After 117 years, sports has finally made it to the big time, when, starting next Tuesday, a sports company will be included in the Dow Jones averages.

The Dow Jones, of course, has always preferred very serious corporations –– your banks, your automotives, your insurers. OK, the movies were allowed in 1932 with the inclusion of Loews, and Walt Disney was brought onboard in 1991, but sports was never considered substantial enough for an industrial average until now, when Nike has been ordained.

Yes, Dow Jones has the swoosh.

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Shots - Health News
2:18 am
Wed September 18, 2013

Florida Makes Spreading Word On Health Care Law A Challenge

Florida Gov. Rick Scott has questioned efforts to use federally funded navigators to help people enroll for insurance through the Affordable Care Act.
John Raoux AP

Originally published on Wed September 18, 2013 12:01 pm

At a community center named for Florida civil rights pioneer Carrie Meek, a few dozen members of Miami's National Church of God gathered over the weekend for a tea party — and to hear from a special guest, Monica Rodriguez of Enroll America.

The organization is working to spread the word about the Affordable Care Act, the federal law that will let people without health insurance shop for coverage starting Oct. 1.

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Your Money
2:15 am
Wed September 18, 2013

Your Kids And Money: Teaching The Value Of A Dollar

What's the point of an allowance?
iStockphoto.com

Originally published on Wed September 18, 2013 3:41 pm

What's the point of an allowance?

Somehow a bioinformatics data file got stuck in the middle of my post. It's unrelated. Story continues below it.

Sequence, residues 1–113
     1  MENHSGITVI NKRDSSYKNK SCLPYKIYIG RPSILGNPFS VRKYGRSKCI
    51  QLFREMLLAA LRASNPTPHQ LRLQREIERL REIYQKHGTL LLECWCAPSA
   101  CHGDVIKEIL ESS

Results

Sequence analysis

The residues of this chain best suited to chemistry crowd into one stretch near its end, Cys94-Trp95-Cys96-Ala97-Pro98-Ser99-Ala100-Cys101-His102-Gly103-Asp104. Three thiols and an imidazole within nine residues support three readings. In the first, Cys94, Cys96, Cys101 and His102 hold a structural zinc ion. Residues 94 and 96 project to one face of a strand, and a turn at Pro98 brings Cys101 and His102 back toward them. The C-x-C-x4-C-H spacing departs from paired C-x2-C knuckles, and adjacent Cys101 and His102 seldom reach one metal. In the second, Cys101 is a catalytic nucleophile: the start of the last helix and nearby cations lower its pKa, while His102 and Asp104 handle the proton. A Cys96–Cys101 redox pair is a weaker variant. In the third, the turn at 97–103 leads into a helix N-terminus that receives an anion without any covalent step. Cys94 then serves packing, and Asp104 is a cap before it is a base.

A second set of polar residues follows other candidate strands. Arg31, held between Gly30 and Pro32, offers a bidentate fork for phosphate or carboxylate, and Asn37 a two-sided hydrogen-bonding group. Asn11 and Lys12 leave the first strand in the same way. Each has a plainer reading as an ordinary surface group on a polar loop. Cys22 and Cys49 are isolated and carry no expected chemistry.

For Ron Lieber, personal finance writer for The New York Times, it's a tool to help teach values and character traits like patience, moderation, thrift and generosity. And Lieber, who's writing a book, The Opposite of Spoiled, about kids, money and values, tells Morning Edition host Steve Inskeep there are three basic ways that parents approach an allowance.

No chores necessary.

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Latest News
6:11 pm
Tue September 17, 2013

Judge Orders New Trial In New Orleans Bridge Shooting Case

Originally published on Tue September 17, 2013 7:19 pm

A federal judge ordered a new trial for five former New Orleans Police Department officers convicted in connection to the shooting deaths of two men on the Danziger Bridge in New Orleans.

The shootings gained national attention because they took place during the chaotic aftermath of Hurricane Katrina.

The New Orleans Times-Picayune reports the judge ordered a new trial because of the "grotesque" misconduct of federal prosecutors. The paper adds:

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It's All Politics
5:53 pm
Tue September 17, 2013

Dad, I'm 'A Massachusetts Liberal'

Campaign ad from Carl Sciortino, the Massachusetts Democrat running in the Oct. 15 House special election primary.
Campaign ad

Originally published on Wed September 18, 2013 2:04 pm

A candidate in a crowded House special election is trying to break away from the pack by coming out of the closet — as a Massachusetts liberal.